NL Cy Young - Jose Fernandez, Miami Marlins
The death of Jose Fernandez hit us all rather hard, but this is not a simple vote of sentimentality. Fernandez led the NL in WARP, K/9, K%, and DRA, and finished second in fWAR, FIP, and K-BB%. Only Clayton Kershaw was more dominant on a per-inning basis - and Fernandez had a 33.1 IP edge on the Dodgers ace. At the very least, he was having a Cy Young caliber season that was cut tragically short.
NL Rookie of the Year - Corey Seager, Los Angeles Dodgers
Seager was one of the ten-best position players in all of baseball (5th in fWAR, 7th in bWAR and WARP), and it is almost a disservice to compare him to other rookies. His 7.5 fWAR more than doubled the next best NL rookie (Jon Gray of the Rockies, at 3.7), and even the torrid pace of Trea Turner (3.2 fWAR in 73 games) doesn't extrapolate out to match Seager's production.
The 22-year-old shortstop played strong defense, and was among the best hitters in all of baseball. This choice may actually be easier than the AL MVP selection - and that's saying quite a bit.
Comeback Player of the Year - CC Sabathia, New York Yankees
We went with one overarching award, as there aren't many worthwhile candidates - this essentially boils down to Verlander and Sabathia. The key difference here is that Verlander was back in form for the last two months of 2015, and only really struggled for one season. Sabathia, on the other hand, was a hot mess for three straight seasons, producing a grand total of 0.7 bWAR from 2013 through 2015. He was an above-average starter this year, and appears to be an integral piece of the Yankees rotation in 2016.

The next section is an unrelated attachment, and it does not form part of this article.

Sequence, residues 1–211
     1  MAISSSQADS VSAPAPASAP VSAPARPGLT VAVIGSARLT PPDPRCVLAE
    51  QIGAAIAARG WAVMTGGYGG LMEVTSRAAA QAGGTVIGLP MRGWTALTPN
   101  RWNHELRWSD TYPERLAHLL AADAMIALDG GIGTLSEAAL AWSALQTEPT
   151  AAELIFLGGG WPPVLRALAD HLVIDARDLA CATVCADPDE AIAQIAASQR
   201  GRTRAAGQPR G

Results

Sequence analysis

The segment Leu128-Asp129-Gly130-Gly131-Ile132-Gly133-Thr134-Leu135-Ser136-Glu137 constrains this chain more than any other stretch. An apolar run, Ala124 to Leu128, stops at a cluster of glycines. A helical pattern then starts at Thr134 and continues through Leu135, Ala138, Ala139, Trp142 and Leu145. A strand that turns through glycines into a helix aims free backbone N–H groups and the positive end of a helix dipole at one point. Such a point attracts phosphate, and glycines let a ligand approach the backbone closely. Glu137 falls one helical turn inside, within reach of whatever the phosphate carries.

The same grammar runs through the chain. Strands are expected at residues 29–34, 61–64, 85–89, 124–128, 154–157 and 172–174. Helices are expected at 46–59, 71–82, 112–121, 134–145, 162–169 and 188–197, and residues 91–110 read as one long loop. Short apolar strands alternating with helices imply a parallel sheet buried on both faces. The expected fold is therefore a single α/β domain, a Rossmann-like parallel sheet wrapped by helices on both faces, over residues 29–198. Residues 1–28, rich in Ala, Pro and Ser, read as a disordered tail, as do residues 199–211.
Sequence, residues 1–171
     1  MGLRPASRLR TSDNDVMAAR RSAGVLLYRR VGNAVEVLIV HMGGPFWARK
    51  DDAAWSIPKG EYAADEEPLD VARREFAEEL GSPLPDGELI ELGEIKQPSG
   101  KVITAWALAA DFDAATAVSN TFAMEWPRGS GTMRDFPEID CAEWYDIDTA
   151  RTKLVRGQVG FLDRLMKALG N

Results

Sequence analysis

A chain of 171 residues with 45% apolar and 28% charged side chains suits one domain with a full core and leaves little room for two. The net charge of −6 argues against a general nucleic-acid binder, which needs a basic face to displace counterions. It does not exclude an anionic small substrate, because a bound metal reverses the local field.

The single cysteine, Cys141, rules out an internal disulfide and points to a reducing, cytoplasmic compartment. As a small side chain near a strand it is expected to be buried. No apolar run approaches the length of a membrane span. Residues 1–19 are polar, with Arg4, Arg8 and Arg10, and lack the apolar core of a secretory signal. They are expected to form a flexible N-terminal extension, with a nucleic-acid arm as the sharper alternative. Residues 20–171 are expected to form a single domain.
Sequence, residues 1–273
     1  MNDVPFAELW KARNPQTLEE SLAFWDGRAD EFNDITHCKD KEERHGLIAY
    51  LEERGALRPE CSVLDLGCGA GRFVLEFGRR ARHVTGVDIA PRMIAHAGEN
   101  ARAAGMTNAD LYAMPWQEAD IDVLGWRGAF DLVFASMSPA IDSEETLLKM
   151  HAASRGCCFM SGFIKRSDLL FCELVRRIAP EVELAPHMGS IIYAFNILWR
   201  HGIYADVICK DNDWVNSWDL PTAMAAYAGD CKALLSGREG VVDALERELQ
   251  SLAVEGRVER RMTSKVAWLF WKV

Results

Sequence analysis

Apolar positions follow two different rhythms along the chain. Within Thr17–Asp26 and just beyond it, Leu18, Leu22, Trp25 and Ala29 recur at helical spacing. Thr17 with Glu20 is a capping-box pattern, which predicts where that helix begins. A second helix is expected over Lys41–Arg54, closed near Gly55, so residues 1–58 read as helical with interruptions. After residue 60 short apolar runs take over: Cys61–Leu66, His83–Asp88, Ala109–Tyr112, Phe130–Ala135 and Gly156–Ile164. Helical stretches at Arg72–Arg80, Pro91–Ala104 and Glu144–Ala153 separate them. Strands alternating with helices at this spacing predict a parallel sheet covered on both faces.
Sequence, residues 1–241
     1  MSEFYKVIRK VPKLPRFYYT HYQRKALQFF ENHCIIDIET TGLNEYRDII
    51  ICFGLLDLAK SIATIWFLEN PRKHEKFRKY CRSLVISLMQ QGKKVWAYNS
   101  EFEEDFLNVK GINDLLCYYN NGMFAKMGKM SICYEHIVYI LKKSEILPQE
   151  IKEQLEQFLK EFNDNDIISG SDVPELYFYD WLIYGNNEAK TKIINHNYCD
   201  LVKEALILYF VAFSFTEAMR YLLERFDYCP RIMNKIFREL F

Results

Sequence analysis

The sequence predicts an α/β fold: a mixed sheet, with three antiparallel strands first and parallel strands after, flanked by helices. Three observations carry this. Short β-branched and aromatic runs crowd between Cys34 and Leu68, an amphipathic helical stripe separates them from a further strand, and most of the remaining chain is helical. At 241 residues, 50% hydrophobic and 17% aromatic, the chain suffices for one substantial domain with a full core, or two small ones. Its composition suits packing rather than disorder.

- Gary Sanchez.
- CC Sabathia rebounding to such a significant degree.
- Clayton Kershaw somehow getting even better.
- Daniel Murphy proving that his epic 2015 postseason wasn't entirely a fluke.
- Alex Rodriguez falling off so abruptly, and failing to reach 700 home runs.
- The death of Jose Fernandez.
- Mark Teixeira's swan song (particularly as compared to David Ortiz's).
- Clayton Kershaw's injury-shortened season.
Yankees co-MVPs - Gary Sanchez and Masahiro Tanaka
What more can I say about Sanchez? He was the team's best position player this year in 50-something games. And I'll give Tanaka his due in the next award:
Yankees Cy Young - Masahiro Tanaka
I wrote about Tanaka's understated brilliance at the end of August, and it still holds true. The 27-year-old was the backbone of the Yankees pitching staff this season, and he was one of the five best starting pitchers in the American League. He finished 3rd in bWAR, 3rd in ERA, 3rd in BB/9, 4th in ERA+, 6th in fWAR, and 10th in IP. The Yankees were 23-8 in his starts, and 61-70 when anyone else started.
And, just because I found it interesting, he finished the season with a lower ERA than the embattled Dellin Betances. Only the departed Andrew Miller and Aroldis Chapman tossed more than 30 IP for the Yankees with a lower ERA than Tanaka.
Yankees LVP - Mark Teixeira
This is piling on, considering Teixeira took this "honor" at the mid-point of the season, as well. 203 players had 400-plus PA this season. Among those, Teixeira ranked 192nd in wRC+ and 200th in fWAR ... so this was unavoidable.